The Zen master Hakuin lived in a town in Japan. He was held in high regard and many people came to him for spiritual teaching. Then it happened that the teenage daughter of his next door neighbor became pregnant. When being questioned by her angry and scolding parents as the identity of the father, she finally told them that he was Hakuin, the Zen Master. In great anger the parents rushed over to Hakuin and told him with much shouting accusation that the daughter bad confessed that he was the father. All he was replied was “is that so?”
News of the scandal spread throughout the town and beyond. The master lost his reputation. This did not trouble him. No one came to see him anymore. He remained unmoved. When the child was born, the parents brought him to Hakuin. “You are the father so you look after him.” The Master took loving care of the child. A year later, the mother remorsefully confessed to her parents that the real father of the child was the young man who worked at the butcher shop. In great distress they went and apologized to Hakuin and asked for forgiveness. “We are really sorry. We have come to take the baby back. Our daughter confessed that you are not the father.” “Is that so>” is all he would say as he handed the baby over to them.
The Master responds to falsehood and truth, bad news and good news, in exactly the same way. “Is that so?” He allows the form of the moment, good or bad, to be as it is and so he does not become a participant in human drama. TO him there is only this moment, and the moment is as it is. He is nobody’s victim. He is so completely at one with what happens that what happens has no power over him anymore. Only if you resist what happens are you at the mercy of what happens, and the world will determine your happiness and unhappiness.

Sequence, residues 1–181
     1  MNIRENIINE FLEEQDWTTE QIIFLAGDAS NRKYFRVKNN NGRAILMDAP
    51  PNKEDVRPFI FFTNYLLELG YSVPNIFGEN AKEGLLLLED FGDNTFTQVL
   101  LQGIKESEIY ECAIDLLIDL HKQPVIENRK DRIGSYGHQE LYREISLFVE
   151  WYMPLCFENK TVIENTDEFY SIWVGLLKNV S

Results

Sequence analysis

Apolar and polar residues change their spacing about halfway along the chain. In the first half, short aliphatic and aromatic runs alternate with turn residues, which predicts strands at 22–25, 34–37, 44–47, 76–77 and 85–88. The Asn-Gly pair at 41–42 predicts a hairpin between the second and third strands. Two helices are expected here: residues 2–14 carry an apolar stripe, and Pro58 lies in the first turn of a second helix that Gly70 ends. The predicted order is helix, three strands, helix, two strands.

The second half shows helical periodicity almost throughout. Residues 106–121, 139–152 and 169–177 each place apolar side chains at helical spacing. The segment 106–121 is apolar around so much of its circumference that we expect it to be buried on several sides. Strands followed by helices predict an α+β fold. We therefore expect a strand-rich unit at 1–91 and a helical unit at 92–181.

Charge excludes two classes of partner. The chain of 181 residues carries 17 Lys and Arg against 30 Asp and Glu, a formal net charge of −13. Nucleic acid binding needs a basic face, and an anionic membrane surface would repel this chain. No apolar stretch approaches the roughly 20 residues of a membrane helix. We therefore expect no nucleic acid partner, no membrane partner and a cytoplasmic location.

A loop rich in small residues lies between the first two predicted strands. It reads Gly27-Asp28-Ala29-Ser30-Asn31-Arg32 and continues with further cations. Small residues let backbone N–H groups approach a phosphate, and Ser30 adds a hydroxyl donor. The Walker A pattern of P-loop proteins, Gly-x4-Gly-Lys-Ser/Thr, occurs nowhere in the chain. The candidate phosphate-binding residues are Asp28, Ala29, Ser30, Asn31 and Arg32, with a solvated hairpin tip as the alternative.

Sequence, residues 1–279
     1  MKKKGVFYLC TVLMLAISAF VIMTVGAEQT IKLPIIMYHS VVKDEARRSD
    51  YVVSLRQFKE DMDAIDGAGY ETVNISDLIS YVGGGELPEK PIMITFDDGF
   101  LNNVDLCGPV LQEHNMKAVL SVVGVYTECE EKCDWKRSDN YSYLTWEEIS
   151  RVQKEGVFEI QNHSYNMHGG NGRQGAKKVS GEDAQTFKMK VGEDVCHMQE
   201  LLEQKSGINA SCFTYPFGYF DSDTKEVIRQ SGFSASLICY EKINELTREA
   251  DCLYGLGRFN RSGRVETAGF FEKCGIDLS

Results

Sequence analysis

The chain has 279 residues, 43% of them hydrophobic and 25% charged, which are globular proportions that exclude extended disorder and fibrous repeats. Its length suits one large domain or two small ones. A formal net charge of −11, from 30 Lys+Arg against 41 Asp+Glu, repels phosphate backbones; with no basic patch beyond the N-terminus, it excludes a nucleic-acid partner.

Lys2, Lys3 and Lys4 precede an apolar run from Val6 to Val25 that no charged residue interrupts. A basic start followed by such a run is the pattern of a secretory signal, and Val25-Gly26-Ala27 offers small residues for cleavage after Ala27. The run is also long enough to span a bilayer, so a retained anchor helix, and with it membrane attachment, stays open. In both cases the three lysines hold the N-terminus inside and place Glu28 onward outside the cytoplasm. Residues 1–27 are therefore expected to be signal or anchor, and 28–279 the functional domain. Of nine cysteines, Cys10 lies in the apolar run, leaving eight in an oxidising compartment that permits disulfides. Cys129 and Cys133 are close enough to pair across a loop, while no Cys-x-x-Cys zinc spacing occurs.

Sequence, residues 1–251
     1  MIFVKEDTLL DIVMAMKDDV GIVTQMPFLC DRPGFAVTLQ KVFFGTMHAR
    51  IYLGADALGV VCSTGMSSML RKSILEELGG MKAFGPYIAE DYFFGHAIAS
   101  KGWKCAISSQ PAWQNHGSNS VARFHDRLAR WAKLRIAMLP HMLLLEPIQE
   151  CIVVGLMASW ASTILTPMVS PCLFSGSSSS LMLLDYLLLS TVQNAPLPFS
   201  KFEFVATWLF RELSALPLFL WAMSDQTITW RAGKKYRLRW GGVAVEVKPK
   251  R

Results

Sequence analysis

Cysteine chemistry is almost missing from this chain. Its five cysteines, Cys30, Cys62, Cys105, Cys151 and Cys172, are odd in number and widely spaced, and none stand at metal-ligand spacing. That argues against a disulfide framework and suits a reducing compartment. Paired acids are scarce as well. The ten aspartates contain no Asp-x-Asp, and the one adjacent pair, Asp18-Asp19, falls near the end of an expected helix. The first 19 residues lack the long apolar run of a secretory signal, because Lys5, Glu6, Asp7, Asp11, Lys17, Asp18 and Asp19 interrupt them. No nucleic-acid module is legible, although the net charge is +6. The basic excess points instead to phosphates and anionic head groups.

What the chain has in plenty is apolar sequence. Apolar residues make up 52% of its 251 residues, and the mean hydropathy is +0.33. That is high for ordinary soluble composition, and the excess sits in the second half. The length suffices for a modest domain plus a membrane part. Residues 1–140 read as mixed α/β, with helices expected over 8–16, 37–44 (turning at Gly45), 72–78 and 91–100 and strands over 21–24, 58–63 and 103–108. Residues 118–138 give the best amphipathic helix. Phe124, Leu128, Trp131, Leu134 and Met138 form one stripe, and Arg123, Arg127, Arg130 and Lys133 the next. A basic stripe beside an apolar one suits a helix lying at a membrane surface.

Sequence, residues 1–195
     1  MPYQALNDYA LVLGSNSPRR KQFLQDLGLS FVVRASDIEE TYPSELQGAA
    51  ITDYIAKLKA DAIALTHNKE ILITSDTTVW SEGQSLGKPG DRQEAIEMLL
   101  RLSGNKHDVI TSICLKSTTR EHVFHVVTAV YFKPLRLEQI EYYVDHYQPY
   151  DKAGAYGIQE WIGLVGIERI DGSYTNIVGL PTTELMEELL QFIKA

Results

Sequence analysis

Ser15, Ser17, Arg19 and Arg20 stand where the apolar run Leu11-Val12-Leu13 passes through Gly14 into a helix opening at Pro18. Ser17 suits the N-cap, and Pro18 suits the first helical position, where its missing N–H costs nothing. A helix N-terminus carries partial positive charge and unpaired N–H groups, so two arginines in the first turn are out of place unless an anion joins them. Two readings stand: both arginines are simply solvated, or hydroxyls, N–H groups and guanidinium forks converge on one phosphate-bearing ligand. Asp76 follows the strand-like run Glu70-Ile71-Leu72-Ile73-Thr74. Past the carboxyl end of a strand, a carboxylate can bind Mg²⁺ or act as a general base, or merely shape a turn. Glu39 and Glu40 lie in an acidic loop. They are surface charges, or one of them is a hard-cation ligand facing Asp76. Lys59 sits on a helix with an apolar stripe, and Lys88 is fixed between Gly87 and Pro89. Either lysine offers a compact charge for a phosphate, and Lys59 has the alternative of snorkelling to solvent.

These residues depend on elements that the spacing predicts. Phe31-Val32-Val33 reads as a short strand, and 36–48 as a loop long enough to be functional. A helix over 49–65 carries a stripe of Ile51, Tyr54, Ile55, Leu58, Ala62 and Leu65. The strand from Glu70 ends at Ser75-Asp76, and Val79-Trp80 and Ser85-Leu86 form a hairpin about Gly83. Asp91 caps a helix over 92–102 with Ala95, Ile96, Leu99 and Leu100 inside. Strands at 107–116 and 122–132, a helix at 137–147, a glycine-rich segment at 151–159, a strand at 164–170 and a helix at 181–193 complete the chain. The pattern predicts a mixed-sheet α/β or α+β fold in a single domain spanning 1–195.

Imagine briefly how the ego would have reacted during the various stages of the unfolding of these events.
Ego and the Present Moment
The most important, the primordial relationship in your life is your relationship with the Now, or rather with whatever form the now takes, that is to say, what is or what happens. If your relationship with the Now is dysfunctional, that dysfunction will be reflected in every relationship and every situation you encounter. The ego could be defined simply in this way: a dysfunctional relationship with the present moment. It is at this moment that you can decided what relationship you want to have with the present moment.
Once you have reached a certain level of consciousness, (and by reading this you almost certainly have), you are able to decide what kind of relationship you want to have with the present moment. Do I want the present moment to be my friend or enemy. The present moment is inseparable from life, so you are really deciding on what kind of relationship you want with life. Once you have decided you want the moment to be your friend, it is up to you to make the first move. Become friendly toward it, welcome it no matter what disguise it comes, and soon it will become friendly toward you, people become helpful, circumstances become cooperative. One decision changes your entire reality. This decision has to be made again and again and again- until it becomes natural to live in such a way.
The decision to become friends with the present is the end of the ego. The ego can never be in alignment with the present moment, which is to say, aligned with life, since it is its very nature to ignore, resist, and devalue the Now. The stronger the ego, the more time it takes to over your life. Almost every thought you think is concerned with past of future, and your sense of self depends on the future for its fulfillment. Fear, anxiety, expectation, regret, guilt, and anger are the dysfunctions to the time bound state of consciousness.Via A NEW EARTH- By Eckhart Tolle